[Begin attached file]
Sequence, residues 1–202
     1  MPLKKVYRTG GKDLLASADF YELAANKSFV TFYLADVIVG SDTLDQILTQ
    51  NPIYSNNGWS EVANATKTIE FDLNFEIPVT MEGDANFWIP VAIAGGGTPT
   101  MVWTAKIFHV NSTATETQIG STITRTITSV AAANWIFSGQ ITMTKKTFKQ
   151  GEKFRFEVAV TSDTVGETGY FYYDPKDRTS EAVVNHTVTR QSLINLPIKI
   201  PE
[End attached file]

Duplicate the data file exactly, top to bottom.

Sequence, residues 1–202
     1  MPLKKVYRTG GKDLLASADF YELAANKSFV TFYLADVIVG SDTLDQILTQ
    51  NPIYSNNGWS EVANATKTIE FDLNFEIPVT MEGDANFWIP VAIAGGGTPT
   101  MVWTAKIFHV NSTATETQIG STITRTITSV AAANWIFSGQ ITMTKKTFKQ
   151  GEKFRFEVAV TSDTVGETGY FYYDPKDRTS EAVVNHTVTR QSLINLPIKI
   201  PE